I used to own a gray 1988 Hawk GT (with the passing gear, removed from later versions - I miss that feature) back in Blighty, which ended up with a Spec II slip on silencer, K&N air filter, DynoJet kit, EMC Sport rear shock, CBR400 handlebars, RC30 switchgear and a Powerbronze Bol D'Or twin headlamp fairing.



I went all over the place on that bike, and eventually Sod's Law caught up with me, and I had a bit of a crash on it. Oh dear, the fairing was a mess, so it came off and went in the bin. The original headlamp went back on, the bent handlebars were replaced with a nasty set of aftermarket ones and the centrestand got taken off, then the whole thing was sprayed Ford Mondeo blue.

I don't want to make you think the bike's a piece of junk, it's just that they seem to bring out the tinkerer in people (and some strange people there are too). As standard, they suffer from lazy steering (drop the yokes about 15mm), crap suspension ($$$s fixes this) and the usual lack of power (an exhaust helps here... my '88 produced 51 reliable rear wheel horsepower with 43,000 miles on it).

When I moved to the US, I bought another one. I charted my modifications here.



Here's the Hawk when I bought it... bone stock, with a few scuffs and dings, with 16K miles.










I hate the Hawk handlebars as they're really high up, so I originally fitted some from an old GSXR... more or less any 41mm clipons will do. I also converted the bike over so I could ride it. It was at this stage that I fitted some Race Tech cartridge emulators and CBR600F2 preload adjustable fork caps to sort of the weak front end.  I found that it had been worked over by somebody at some point, as the damper rod holes had been welded up and redrilled.  That's all well and good, but I had no idea who they'd been set up for.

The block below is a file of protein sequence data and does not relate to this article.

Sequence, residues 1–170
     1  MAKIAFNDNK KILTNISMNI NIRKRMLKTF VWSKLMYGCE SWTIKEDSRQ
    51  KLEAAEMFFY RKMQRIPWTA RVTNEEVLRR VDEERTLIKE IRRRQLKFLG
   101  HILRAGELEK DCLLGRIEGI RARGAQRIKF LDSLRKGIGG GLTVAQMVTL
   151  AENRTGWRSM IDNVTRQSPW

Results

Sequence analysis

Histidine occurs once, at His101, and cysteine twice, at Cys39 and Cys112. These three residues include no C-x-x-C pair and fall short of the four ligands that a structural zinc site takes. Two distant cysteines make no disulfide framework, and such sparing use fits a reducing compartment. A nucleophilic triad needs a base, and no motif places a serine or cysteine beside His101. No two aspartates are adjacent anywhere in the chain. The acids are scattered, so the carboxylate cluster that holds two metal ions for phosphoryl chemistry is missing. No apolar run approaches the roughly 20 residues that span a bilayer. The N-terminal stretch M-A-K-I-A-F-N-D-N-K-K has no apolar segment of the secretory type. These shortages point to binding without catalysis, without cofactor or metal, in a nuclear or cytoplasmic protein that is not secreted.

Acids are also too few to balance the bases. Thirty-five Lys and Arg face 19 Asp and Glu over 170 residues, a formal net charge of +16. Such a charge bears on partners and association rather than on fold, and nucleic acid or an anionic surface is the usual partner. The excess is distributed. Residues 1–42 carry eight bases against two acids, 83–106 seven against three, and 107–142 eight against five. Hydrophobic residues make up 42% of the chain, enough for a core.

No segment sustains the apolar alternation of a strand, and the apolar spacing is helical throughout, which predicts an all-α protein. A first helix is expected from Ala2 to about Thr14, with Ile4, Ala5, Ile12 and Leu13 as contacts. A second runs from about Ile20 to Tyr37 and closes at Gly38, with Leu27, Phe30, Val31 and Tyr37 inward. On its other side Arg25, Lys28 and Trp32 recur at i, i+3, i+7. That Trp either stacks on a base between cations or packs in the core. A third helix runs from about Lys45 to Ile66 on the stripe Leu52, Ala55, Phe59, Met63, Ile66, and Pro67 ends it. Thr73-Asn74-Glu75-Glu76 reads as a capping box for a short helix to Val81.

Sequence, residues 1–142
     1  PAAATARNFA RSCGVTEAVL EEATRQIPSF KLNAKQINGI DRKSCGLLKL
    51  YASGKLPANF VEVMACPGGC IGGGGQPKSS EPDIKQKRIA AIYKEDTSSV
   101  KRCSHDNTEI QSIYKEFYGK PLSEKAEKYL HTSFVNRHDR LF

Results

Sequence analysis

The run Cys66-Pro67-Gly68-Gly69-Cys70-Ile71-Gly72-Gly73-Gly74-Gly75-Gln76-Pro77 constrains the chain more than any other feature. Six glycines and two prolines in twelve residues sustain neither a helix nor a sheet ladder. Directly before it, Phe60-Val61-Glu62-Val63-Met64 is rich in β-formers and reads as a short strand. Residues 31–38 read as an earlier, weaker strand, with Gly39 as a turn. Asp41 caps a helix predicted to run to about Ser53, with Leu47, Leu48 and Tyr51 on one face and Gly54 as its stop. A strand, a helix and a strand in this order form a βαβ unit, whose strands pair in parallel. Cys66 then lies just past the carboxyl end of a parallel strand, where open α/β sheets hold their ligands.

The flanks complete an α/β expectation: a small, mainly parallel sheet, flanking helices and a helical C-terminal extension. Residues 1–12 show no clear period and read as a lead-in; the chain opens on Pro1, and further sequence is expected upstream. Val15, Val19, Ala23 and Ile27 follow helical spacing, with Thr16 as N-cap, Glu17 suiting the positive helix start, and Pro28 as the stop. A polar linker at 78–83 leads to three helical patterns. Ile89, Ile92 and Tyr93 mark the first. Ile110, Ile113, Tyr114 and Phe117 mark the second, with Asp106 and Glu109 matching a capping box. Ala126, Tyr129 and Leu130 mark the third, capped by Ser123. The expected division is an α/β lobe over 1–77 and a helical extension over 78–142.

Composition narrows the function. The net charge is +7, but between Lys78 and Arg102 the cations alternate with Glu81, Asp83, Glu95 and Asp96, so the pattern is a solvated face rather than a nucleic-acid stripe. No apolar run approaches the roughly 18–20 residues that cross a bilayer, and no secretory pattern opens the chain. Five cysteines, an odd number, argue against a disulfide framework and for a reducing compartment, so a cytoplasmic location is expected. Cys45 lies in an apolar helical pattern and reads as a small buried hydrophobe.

I finally got around to fitting a Two Brothers Racing exhaust system, with a Factory jet kit and a K&N air filter from the UK. I've also junked the emissions crap, as after 9 years, I'm sure it was full of carbon, and doing very little.

I also fitted a set of CBR600F2 handlebars (less of a downward angle than the GSX-R ones, but they make the bike feel like a hooligan flat-tracker), and some shorty rear indicator stalks (as the old ones were a bit droopy). The CBR handlebars meant I needed to change the clutch cable routing to stop the thing snagging. This has tidied up the bike immensely. I later took off the number plate light and moved the plate up, with the rear reflectors mounted on the rear mudguard. I have some space under the number plate that I've put another reflector on - after all, you can't be too careful.






I fitted a CBR600F2 front wheel (with the standard Hawk disc), so I can run 120 section, sticky tyres, a VFR750 rear wheel, modified to fit the Hawk with a centre bolt to match the front. You can modify any of the VFR wheels, but the early 8 spoke rims are 5.5" wide, and look like the RC30 wheels, matching the front wheel better. I removed the chain guard (as it hit the rear tyre), and this necessitated running the rear brake line through the swingarm, so I fitted Speedbleeders at the same time. A Fox racing rear shock was fitted, to finish off the suspension.












I fitted a Shindy steering damper mount with a Daytona damper. This fits OK, and helps me control the slight wobble I get pulling away with a pillion. It took a while to get fitted properly, so it didn't restrict the steering anywhere.






























I fitted a Milktree headlight harness (to run power for the headlights straight from the battery), a chain roller (to keep the chain away from the frame), Buell turn signals, with LED tail light bulbs and a Lockhart-Phillips tank protector.

I eventually decided that I had too many bikes in the garage, and that I should start tidying up a little bit.  After all, I'd been riding Hawks for 14 years. I advertised the Hawk, and it got sold to an enthusiastic guy down in Los Angeles who rented a pickup and came to collect it.